Pace e Bene Team Everyone at the Table: Creating the Vision
Through a dynamic, interactive process, this workshop will offer an opportunity for participants to visualize and clarify their hopes for a JustChurch. Part two of a four-part series. For Pace e Bene, nonviolence is more than a principle for effective protest – it is a way of life. For two decades Pace e Bene’s unique approach has been transforming lives and reaching people around the globe. Since its founding in 1989, over 25,000 people have taken 600 Pace e Bene workshops to gain tools for more healthy relationships and to create a new society. Pace e Bene has offices and associates in Oakland, Chicago, Las Vegas, New England, Washington, DC (Metro Area), Montreal, Australia, and Nigeria, and a growing number of partners and trainers in the US and around the world. Together they work with individuals, organizations, and movements to strengthen their efforts to end war, protect human rights, challenge injustice, and to meet today’s profound spiritual task: to build a more just and peaceful world.
Miriam Therese Winter Turning the Tables: Welcome to Quantum Reality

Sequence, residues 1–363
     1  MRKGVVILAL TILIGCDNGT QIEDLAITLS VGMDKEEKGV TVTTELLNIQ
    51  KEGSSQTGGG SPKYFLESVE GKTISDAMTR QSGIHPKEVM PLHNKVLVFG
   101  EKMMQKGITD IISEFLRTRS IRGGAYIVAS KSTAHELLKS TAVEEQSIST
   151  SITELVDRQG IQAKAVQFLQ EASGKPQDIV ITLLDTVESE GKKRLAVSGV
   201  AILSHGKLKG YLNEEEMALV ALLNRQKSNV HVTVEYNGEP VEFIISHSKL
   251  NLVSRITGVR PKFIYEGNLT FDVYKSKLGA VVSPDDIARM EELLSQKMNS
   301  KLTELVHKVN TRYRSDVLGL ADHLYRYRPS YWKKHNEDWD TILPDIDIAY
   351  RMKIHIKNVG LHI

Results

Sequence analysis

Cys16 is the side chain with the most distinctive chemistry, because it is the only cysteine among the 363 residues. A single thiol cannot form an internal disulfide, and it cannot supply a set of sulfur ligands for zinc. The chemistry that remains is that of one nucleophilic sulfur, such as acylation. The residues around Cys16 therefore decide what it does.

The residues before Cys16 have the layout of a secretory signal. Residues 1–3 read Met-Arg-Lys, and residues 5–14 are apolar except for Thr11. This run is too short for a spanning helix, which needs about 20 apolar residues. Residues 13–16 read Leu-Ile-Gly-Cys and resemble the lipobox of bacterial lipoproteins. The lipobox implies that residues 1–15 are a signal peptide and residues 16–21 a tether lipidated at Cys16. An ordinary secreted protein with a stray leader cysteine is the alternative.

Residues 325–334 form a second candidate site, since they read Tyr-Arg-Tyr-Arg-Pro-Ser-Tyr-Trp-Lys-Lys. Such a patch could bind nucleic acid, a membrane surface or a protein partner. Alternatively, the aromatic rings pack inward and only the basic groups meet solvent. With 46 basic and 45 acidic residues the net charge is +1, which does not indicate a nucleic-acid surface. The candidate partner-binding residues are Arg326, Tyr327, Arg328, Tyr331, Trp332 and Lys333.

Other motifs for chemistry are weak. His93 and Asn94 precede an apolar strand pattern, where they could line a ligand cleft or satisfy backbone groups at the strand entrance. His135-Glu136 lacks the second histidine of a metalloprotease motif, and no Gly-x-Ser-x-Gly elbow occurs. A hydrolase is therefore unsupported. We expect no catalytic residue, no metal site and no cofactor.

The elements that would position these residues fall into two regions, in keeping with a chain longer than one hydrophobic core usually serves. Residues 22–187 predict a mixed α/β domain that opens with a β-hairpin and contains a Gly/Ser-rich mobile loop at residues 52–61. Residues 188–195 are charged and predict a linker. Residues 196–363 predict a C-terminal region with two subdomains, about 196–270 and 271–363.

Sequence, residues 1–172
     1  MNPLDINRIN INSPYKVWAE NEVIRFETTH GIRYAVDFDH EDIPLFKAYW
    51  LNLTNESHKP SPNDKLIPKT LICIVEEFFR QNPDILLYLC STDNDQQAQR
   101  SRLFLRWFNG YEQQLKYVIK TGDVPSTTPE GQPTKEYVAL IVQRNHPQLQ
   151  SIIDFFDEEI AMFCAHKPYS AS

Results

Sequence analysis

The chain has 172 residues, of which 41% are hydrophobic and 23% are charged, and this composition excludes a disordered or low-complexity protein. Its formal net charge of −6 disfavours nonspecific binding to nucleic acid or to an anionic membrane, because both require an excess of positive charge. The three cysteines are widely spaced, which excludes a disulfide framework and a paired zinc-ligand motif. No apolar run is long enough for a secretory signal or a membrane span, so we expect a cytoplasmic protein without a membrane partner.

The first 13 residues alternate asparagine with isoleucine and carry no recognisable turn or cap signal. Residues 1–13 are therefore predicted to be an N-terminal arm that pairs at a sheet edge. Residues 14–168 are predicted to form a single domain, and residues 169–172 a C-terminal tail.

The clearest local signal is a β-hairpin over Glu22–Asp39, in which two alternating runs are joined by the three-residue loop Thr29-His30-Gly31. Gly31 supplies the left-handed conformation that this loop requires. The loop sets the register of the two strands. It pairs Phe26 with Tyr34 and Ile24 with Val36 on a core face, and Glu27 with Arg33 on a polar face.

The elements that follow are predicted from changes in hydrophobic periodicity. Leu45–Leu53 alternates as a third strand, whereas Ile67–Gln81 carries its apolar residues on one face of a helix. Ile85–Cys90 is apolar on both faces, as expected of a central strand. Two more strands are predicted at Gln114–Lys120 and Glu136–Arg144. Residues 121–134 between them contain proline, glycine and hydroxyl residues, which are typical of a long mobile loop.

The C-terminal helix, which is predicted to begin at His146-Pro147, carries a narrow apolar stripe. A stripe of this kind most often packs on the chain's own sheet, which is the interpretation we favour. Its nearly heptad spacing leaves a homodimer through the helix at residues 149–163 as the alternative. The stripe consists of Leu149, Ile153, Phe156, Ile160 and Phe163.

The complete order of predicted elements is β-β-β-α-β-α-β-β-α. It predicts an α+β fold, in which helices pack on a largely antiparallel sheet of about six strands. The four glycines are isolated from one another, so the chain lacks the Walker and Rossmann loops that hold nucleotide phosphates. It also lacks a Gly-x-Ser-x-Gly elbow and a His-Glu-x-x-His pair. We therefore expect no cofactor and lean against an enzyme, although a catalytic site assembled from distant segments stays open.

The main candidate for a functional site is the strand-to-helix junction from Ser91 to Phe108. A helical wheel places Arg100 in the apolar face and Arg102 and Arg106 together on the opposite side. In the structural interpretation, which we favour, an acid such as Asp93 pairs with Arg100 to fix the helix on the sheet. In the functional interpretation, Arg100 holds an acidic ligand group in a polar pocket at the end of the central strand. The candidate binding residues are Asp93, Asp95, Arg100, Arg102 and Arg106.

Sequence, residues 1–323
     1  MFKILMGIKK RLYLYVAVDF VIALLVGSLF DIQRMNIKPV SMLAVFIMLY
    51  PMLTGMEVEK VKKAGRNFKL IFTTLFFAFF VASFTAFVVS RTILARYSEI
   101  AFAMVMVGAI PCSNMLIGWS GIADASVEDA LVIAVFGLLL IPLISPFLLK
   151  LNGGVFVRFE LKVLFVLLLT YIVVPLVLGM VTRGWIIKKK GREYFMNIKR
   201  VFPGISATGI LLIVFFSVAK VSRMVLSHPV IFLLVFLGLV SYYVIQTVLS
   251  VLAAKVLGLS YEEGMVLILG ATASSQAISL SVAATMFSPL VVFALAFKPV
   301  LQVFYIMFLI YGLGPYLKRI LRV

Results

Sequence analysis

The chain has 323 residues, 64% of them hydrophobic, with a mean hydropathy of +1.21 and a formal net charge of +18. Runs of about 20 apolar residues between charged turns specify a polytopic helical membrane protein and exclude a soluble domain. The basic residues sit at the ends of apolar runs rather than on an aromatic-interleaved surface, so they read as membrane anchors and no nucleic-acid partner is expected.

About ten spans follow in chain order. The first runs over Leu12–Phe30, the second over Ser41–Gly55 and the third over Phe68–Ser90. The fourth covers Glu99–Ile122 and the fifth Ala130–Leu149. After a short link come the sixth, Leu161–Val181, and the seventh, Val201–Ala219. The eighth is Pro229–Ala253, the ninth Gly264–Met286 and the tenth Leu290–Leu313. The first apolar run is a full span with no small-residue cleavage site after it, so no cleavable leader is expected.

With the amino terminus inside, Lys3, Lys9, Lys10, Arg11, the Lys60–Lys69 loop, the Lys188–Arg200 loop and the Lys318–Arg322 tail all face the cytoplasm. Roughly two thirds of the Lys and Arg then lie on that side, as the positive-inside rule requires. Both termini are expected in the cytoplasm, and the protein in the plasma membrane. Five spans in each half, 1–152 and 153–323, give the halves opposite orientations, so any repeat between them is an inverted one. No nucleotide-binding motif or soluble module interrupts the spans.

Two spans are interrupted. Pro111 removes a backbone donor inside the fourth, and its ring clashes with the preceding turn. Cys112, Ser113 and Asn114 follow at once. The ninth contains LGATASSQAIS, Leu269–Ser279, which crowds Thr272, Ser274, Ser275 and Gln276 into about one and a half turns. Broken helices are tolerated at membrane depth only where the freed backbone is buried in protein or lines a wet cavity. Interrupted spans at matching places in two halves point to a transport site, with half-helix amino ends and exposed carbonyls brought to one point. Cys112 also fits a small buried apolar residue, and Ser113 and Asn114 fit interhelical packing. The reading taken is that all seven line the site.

As our world becomes more and more chaotic and unpredictable, the quantum spirit of the living God invites us into a new and ever evolving understanding of continuity and community, revealing to us that we too have to change with the changing times. A quantum reality is already defining our lives. Miriam Therese Winter, a Medical Mission Sister, is professor of liturgy, worship, spirituality, and feminist studies at Hartford Seminary in Connecticut. She has produced 16 recordings of original songs and hymns and has published a number of books on biblical women, ritual, and spirituality, most recently, Paradoxology: Spirituality in a Quantum Universe (2009).
Keynote – Dianne Bergant: 11 AM – 12 PM
The Outsider Becomes an Insider: The New Center is on the Margin
Dianne Bergant, CSA is Professor of Biblical Studies at Catholic Theological Union in Chicago. She was President of the Catholic Biblical Association of America and has been an active member of the Chicago Catholic/Jewish Scholars Dialogue for the past twenty years. She is the Old Testament book reviewer of The Bible Today, having been a member of the editorial board for 25 years. She is now on the editorial board of Biblical Theology Bulletin, and Chicago Studies. She wrote the weekly column The Word for America magazine from 2002–2005. She is currently working in the areas of biblical interpretation and biblical theology, particularly issues of peace, ecology and feminism. There is a fundamental tension between the Bible’s ethnocentricity and its call for inclusivity. What does the Bible say about people on the margins? How might its religious message help us to address various forms of marginality? These are the kinds of questions Bergant will address in this plenary.